Dr. MJ Bazos MD,
What is diabetic neuropathy?
Diabetic neuropathy is a type of nerve
damage that happens in people who have diabetes. This damage makes it hard for
their nerves to carry messages to the brain and other parts of the body. It can
cause numbness (loss of feeling) or painful tingling in parts of the body.
Diabetic neuropathy can also affect the following:
- Strength and feeling in different body parts
- Ability of the heart to keep up with the body's
- Ability of the intestines to digest food
- Ability to achieve an erection (in men)
What causes diabetic
Nerve damage occurs in
people who have had diabetes because their blood sugar level is higher than
normal. Over time, high blood sugar levels damage the blood vessels and nerves.
That's why people who don't control (or can't control) their blood sugar very
well seem more likely to get diabetic neuropathy. Men have diabetic neuropathy
more often than women.
What can I
do to avoid diabetic neuropathy?
importantly, keep your blood sugar under control. Take your medicines just the
way your doctor tells you to. Eat a variety of healthy foods and avoid foods
that are high in fat and sugar. If you are overweight, ask your doctor to help
you lose weight. Exercise as regularly as possible.
How do I know if I have diabetic
If you have numbness in
your feet and toes, you may have diabetic neuropathy. You may notice that cuts
and sores on your feet don't hurt as much as you would expect them to. The
following are also symptoms of diabetic nueropathy:
- Pain or a burning feeling in your legs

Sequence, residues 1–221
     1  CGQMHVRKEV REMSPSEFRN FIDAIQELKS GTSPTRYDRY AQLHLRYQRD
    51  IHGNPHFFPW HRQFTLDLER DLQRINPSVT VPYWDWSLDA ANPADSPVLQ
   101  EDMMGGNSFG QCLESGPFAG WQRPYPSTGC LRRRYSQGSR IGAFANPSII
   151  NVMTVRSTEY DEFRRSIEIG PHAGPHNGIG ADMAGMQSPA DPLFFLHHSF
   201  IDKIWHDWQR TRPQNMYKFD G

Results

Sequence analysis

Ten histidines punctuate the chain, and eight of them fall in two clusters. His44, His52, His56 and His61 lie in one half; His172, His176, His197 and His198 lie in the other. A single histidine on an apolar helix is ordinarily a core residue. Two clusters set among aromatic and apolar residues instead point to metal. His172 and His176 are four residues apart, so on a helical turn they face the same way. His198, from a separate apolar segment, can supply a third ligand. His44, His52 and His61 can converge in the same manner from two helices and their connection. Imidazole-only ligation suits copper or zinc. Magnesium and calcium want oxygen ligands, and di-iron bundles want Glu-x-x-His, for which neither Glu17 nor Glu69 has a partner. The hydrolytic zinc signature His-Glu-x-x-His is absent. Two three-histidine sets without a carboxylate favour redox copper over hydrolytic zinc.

- A feeling of lightheadedness that causes you to
- Diarrhea and constipation
- Failure to get an erection (in men)
What will happen if the
nerves in my legs and feet are damaged?
If diabetic neuropathy has damaged the
nerves in your legs and feet, you may not be able to feel pain in those parts of
your body. This is a problem because pain can be a useful signal. If you have
no feeling in your feet, you could have an injury and not know it. In addition,
your muscles might atrophy (decrease in size), causing you to have trouble
walking. The skin on your feet
and develop sores. If these sores get much worse and become infected, you might
have to go to the hospital, or possibly have your foot amputated (removed).
Because diabetes makes it harder for an injury to heal, it's important to take
good care of your feet.
What can I
do to prevent foot problems from diabetic neuropathy?
Keep your feet healthy by following
- Check your feet every day.You may need to use a
mirror to to check the bottoms of your feet. Call your doctor at the very first
sign of redness, swelling, infection, pain, numbness or tingling in any part of
- Check inside your shoes every day for things like
gravel or a torn lining. These things could hurt your feet.
- Never walk barefoot around the house or outside.
- Have your doctor look at your feet during every
office visit (at least once a year) or whenever you notice anything that seems
- Choose the right shoes. The most common cause of
foot sores is shoes that are new or don't fit properly. Buy shoes that fit
properly and have a good arch support. Choose shoes made of soft leather. They
should not fit tightly anywhere. To get the best fit, try on shoes at the end of
the day when your feet are a little swollen. If you've had problems before with
shoes that didn't fit well, you may want to be fitted for a custom-molded shoe
with plenty of room for your toes.
- Wear white socks and check when you take them off
to see if there is any blood or fluid from a sore on them.
- Wash your feet daily in lukewarm water. Dry them
well, especially between the toes. Use a soft towel and blot gently; don't rub.
Keep the skin of your feet smooth by applying a cream or lanolin lotion,
especially on your heels. If your feet sweat easily, keep them dry by dusting
them with nonmedicated powder before putting on your socks, nylons and shoes.